Mark Cavendish is crying. On the podium, in the press conference, in television interviews. His stubbly face is red and puffy, he can’t hold back the hot tears of relief. Was he worried it was the end? Worried the negative critics, real or imagined, might be right?
It’s day five of the 2010 Tour de France in Montargis and the pressure has found its release. A few journalists were already penning his career obituary, all because he hadn’t won for several days. In reality, it was the tiniest hiccup – just the end of the beginning and the start of the glorious middle. We know how the rest of the Cavendish story goes: a world road title, a total of 30 Tour de France stages, 15 Giro ones, a green jersey, to go along with Milan-Sanremo and his prolific record. The greatest sprinter in modern cycling history, all told.
Mark Cavendish is box office, compelling whether he wins or loses. And especially back then, Cavendish was a bit of a pantomime villain: he had been fined for causing a Tour de Suisse crash weeks before his Tour tears, he shot his mouth off, he flicked the Vs when winning in retribution. He was the best and didn’t shy away from saying it. That doesn’t always go down well. And when you win prolifically for years, it gets boring for fans.
Cavendish does not play to the galleries. He’s more the win-at-all-costs friend you ring up when you want pub quiz victory, not the boy-next-door you introduce to your mum. He’s always been here to win bike races, not popularity contests.
Yet, he also has a permanent emotional honesty that is rare and special in sport. More often than not, he shows exactly what he feels. He will pause for seconds to genuinely consider journalists’ questions and give intelligent responses. He will occasionally cry when he wins. Or loses. Or might be dropping out of the sport.
He might also give two barrels. (It’s practically a cycling journalist rite of passage to be told to “foxtrot oscar” by Cavendish). Ask a stupid question, his brow furrows and a testy response is forthcoming. He’s older and wiser, but he still cares, competes and obsesses just as much.
Life and pro cycling comes at us fast. I never imagined we’d see such a transformation in his public image. My impression over the last week is that the thing that fans want to see at the 2021 Tour de France, more than anything else, is a Mark Cavendish stage victory.
There is the comeback angle which people love: he’s dealt with his fair share of adversity, such as Epstein-Barr syndrome, various other knocks, crashes and injuries. It seemed like he was on the brink of quitting the sport last winter. Whatever his results this summer, his unexpected appearance at the Tour de France is allowing a re-appreciation of his standing, a summer of love from supporters. You don’t know what till it’s gone, and all that.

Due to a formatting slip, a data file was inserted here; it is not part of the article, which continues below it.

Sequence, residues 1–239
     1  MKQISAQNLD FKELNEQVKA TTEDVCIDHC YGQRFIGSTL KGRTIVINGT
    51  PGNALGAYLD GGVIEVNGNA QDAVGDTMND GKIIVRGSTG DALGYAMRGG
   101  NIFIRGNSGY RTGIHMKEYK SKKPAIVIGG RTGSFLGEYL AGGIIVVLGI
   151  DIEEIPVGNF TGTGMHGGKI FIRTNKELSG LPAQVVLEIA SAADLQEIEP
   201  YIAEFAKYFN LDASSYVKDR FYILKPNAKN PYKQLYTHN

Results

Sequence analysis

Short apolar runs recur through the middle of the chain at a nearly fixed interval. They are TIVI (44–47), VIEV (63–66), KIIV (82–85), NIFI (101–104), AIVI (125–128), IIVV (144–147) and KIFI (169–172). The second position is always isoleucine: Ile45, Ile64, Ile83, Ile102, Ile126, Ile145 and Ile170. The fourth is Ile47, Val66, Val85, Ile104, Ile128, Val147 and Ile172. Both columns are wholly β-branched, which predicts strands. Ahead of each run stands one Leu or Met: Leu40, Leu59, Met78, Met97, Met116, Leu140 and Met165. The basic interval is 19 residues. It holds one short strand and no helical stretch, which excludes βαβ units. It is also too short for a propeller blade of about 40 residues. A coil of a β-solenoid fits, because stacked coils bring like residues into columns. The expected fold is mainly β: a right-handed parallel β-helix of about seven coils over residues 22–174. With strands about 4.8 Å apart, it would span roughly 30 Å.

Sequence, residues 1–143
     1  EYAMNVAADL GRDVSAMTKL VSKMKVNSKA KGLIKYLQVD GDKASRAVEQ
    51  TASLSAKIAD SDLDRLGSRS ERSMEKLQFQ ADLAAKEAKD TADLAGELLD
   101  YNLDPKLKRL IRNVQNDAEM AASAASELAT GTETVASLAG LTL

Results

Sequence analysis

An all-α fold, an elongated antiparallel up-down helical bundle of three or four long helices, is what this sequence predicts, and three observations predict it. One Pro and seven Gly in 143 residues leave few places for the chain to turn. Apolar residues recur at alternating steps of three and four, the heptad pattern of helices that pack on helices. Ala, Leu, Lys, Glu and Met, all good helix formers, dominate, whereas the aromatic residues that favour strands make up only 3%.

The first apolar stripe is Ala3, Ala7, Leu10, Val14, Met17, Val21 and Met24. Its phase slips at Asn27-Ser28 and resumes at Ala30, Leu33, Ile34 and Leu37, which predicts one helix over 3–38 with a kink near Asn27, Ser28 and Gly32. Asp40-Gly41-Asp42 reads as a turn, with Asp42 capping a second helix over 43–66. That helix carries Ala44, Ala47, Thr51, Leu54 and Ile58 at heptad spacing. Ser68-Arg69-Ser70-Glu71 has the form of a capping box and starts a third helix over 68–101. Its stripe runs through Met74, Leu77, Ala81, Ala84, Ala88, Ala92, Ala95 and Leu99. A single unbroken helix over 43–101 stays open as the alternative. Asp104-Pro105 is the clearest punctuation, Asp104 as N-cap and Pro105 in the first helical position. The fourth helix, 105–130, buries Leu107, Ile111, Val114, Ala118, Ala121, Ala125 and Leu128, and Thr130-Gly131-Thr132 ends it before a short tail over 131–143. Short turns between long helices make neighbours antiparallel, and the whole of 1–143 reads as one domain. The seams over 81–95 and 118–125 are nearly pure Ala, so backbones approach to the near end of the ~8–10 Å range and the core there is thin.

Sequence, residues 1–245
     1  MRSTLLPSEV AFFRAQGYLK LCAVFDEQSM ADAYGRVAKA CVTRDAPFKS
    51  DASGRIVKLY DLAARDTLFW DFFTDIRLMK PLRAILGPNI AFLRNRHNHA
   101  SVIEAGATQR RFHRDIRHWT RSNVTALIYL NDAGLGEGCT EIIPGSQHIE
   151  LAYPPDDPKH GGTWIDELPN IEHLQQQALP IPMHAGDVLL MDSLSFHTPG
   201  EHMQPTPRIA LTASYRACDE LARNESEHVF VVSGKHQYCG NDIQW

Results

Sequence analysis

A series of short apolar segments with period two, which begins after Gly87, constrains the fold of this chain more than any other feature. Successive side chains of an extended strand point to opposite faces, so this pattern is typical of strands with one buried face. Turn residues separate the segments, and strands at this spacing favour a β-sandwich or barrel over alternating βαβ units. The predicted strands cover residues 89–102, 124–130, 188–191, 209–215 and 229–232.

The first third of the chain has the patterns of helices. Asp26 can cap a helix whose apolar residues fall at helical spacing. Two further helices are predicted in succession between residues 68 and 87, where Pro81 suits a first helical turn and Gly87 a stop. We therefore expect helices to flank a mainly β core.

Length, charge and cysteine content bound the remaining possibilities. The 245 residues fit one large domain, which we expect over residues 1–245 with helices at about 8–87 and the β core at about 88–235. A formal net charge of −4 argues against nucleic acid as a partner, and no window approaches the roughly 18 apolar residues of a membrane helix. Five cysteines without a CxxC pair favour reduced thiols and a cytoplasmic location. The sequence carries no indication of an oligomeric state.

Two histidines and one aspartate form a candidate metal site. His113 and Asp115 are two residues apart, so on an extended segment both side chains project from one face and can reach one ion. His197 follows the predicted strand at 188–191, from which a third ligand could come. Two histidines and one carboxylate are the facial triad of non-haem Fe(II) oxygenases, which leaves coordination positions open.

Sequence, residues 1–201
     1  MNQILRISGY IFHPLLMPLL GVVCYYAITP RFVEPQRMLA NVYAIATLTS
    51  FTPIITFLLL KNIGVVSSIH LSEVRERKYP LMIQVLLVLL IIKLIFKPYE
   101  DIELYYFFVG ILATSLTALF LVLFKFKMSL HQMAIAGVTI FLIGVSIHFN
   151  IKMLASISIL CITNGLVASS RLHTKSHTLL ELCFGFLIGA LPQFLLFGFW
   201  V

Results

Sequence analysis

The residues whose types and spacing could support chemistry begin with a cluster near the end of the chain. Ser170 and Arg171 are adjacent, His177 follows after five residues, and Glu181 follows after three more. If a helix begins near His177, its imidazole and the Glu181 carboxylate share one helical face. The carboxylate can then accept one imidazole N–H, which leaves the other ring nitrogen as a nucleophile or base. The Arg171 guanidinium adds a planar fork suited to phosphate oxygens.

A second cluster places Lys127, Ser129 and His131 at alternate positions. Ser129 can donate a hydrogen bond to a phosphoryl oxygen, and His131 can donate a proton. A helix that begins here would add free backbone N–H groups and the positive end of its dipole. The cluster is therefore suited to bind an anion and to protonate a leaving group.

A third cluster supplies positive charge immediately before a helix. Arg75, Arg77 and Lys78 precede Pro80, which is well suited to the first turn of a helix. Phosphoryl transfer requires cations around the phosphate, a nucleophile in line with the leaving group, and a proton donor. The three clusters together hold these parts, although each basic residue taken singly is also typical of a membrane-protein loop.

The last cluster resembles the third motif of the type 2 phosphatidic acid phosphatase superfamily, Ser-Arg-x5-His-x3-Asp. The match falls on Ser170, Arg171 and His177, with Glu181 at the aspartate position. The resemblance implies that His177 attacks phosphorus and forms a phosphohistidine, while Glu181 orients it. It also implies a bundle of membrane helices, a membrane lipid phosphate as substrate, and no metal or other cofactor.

But Cavendish seems different too. The 36-year-old is experiencing this Tour differently too, anew, optimistic. Racing with the joy of a debutant and not taking anything for granted. And that’s the incorrigible cycling lover in him, something unchanged through his career. Dare I say it, we’re close to getting something I never thought we’d see: Mark the adored, cuddly Cavendish (well, until he gets asked a dumb question).
Chateâuroux in 2008
It bears stating too: Mark Cavendish has nothing left to prove. He doesn’t ever have to win another bike race again. He doesn’t have to go for the Merckx stage win record, which only statto journalists seem to care about anyway. He doesn’t have to go out with a bang because his best years, between 2007 and 2016, were one, decade-long big bang. His acceleration was breathtaking, lethal, unmatchable. He was a prolific winner on four teams (Columbia-HTC, Team Sky, Quick Step and Dimension Data), which takes some doing.
But let’s entertain that ever-more distinct possibility: Cavendish the 2021 Tour stage winner? The factors are piling up in his favour. There’s confidence and momentum on his side from wins in Turkey and Belgium. In Deceuninck-Quick Step and lead-out man Michael Mørkøv, he has arguably the best drilled team.
Luck has been on his side so far: firstly, through Sam Bennett’s knee injury that gained him a Tour berth, then with the withdrawal of his principal challenger, Caleb Ewan, on stage 3. Nobody would wish such events on either rider, but as they say — one man’s misfortune is another’s opportunity. In contrast to the Australian, Cavendish has emerged from the Tour’s early crashes unscathed. Do you believe in fate? If you want yet one more coincidental sign, the race is returning to several places where he’s won before.
This year's Tour de France is already like a Mark Cavendish greatest hits edition - visits Fougères, Châteauroux, Nîmes and Paris, all places where he's won before. Time to see him rolling back the years this summer?— Andy McGrath (@Andymcgra) June 21, 2021
It would be a fairytale final chapter if the Manxman could take one more stage win. Heaven knows the Tour could do with some feelgood emotion to punctuate the dark mood.
Were it to happen, I imagine there’d be the same shock and joy etched on his face as his maiden win into Chateâuroux in 2008, the victory that set the whole Cavendish era into motion. And then we’ll probably be crying along with him.